What is Patent?

What is Patent?

A Patent is a monopoly right granted by the Act to the person who has invented the new and useful invention or the newness of an already existing article or any new process to the making of an old invention.

The modern period is the era of science and technology. Every person is working on new ideas and technology. So, it becomes important to reward the person, who innovates the new invention, by giving some monopoly rights over the invention. The patent act recognizes the right and duties of the patentee.

Who is Patentee?

The person who invents the new article or improvement in existing articles or a new process for making any old article is known as Patentee. 

History of Patent

The first patent was recognized in Ancient Greece in Sybaris. It was a grant in 1450 for the making of glass. The period for this was only for 10 years.

Objects of Patent

The main objective is to encourage scientific research, new technology, and the progress of industrialization. It is given for a specific time and after the expiry of the period, the patent will pass into the public domain.

Significance 

Research and development (R&D) are the key factors for the growth of County. Monopoly rights to patentee motivate him for more and more research in the field of technology development.

What are the patentable inventions?

The Patent act 1970 (Amended in 2005) defines the inventions as “any new process or product which involves the inventive step and which is capable for industrial applications.

There are three main points which must be followed:

Novelty

Novelty is the main subject of innovation. A novelty means any invention or technology which is not used before in the country or elsewhere, which is not anticipated by publication and should not fall in the public domain.

For instance, in a case, the USA patented the “turmeric” which was challenged on the ground that there is no novelty in the invention.

Non-obviousness

The merely obvious or modification of the prior articles that could be achieved without the lure of patent rights is not available for the Patent Rights. There must be some non-obviousness. Though its difficult to determine whether the given modification is a mere mechanical advancement in that article or the result of the meritorious invention.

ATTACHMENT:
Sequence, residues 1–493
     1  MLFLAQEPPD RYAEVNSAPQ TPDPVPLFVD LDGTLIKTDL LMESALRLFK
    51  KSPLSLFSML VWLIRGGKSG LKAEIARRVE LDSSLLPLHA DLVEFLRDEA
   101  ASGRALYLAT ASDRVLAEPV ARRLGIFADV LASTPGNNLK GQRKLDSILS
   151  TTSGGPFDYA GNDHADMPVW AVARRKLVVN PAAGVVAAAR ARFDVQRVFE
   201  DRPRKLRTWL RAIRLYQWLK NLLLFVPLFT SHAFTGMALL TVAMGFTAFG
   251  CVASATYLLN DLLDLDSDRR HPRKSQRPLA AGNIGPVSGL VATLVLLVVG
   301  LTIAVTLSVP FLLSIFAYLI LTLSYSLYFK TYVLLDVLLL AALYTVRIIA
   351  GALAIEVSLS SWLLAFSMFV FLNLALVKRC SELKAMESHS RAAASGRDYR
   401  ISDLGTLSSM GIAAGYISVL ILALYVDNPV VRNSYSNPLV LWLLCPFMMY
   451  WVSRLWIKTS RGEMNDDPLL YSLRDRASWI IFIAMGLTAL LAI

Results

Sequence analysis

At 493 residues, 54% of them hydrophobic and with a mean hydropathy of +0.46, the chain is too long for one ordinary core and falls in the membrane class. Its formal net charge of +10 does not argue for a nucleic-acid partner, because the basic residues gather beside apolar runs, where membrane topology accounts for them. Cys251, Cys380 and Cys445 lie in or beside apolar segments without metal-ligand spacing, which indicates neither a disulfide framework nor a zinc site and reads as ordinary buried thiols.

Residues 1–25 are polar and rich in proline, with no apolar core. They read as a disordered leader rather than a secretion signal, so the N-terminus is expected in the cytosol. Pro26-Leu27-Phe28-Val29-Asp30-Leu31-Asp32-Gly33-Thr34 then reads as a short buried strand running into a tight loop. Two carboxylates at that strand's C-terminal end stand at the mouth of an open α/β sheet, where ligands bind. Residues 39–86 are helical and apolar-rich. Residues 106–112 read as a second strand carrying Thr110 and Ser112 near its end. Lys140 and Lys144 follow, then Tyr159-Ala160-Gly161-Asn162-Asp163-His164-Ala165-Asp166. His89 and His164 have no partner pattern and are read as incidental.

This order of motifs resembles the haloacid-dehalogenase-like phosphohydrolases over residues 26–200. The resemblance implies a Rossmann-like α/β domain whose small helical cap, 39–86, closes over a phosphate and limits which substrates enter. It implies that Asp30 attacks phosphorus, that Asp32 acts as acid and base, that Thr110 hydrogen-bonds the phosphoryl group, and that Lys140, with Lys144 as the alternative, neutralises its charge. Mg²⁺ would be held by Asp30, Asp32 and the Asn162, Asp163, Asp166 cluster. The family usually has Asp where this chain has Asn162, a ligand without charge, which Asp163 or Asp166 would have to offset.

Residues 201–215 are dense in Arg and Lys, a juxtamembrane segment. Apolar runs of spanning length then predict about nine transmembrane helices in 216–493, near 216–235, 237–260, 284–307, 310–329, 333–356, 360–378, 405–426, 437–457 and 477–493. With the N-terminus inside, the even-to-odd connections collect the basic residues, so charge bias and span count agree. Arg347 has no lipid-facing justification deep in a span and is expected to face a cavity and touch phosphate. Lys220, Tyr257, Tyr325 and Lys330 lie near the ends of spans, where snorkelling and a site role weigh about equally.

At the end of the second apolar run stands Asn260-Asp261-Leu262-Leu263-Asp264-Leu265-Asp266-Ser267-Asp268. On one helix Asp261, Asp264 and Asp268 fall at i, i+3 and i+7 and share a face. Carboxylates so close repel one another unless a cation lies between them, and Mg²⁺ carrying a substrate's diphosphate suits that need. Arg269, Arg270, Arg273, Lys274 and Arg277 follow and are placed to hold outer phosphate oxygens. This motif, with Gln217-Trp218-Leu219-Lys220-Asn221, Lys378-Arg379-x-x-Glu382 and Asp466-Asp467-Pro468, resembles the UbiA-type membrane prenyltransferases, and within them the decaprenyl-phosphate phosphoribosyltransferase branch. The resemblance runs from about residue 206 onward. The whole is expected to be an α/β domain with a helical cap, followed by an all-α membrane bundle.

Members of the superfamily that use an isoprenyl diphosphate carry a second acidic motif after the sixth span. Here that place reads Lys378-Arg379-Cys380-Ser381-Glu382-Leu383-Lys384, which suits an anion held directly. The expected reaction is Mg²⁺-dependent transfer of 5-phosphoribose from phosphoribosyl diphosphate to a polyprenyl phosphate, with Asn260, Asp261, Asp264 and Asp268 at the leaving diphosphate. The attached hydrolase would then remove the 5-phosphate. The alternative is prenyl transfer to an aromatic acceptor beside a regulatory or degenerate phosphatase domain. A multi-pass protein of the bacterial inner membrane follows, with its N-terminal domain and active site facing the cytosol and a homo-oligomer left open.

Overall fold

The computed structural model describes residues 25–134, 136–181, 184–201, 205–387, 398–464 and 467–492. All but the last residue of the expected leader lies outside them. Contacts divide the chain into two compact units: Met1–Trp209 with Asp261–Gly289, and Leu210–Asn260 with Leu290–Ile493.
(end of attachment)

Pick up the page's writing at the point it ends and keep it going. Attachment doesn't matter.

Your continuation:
Also, it is observed that even after the grant of a patent, it is open for the opposing party of that patent to prove that there were no inventive steps in the invention and therefore, the Patent authority can grant an interim injunction.

Industrial application

An article or invention must be capable of “industrial application” to grant the Patent. Though, the use may not be for-profit because it can be used for agriculture also.

Product Patent and Process Patent

Before the Patent Amendment Act 2005, the process patent was granted for the categories of food, drugs, and pharmaceuticals. But after the TRIPs, the changes were made in the act and the Act was shifted to Product patent.

Non-Patentable Inventions

Every invention is not patentable. The law forbids some categories to grant the patents:

  • An invention that is contrary to morality or public order.
  • Frivolous invention.
  • Discovery of living things.
  • Re-arrangement of known substances.
  • A method of agriculture.
  • Any process of medical treatment.
  • Plants and animals.
  • A mathematical or computer program.
  • A literary, musical or dramatic work.
  • Presentation of information.
  • Duplication of known properties of traditionally known components.
  • A method of playing the game.
  • Inventions relating to atomic energy.

Novartis Case

Who can apply for a patent?

  • The true or first inventor of the invention.
  • The assignee, legal representatives of the true inventor.

Provisional and Complete Specification

These are the forms of the specifications that have to be submitted to the controller with the application. Where the application is submitted with the provisional specification to the controller, the complete specification must be submitted within 12 months. If the person is failed to file, the application will be deemed to be rejected.

What is the anticipation?

Anticipation means if any person knows about or used the invention which is going to be Patented, that person can apply for the cancellation of the application filed by the person who claims his invention.

What is the term of Patent?

Before 2002, the term for the patent in India was 5 to 14 years according to the inventions. But after the 2005 amendment, the term was set up to “20 years”. 20 years shall be count from the date of applying.

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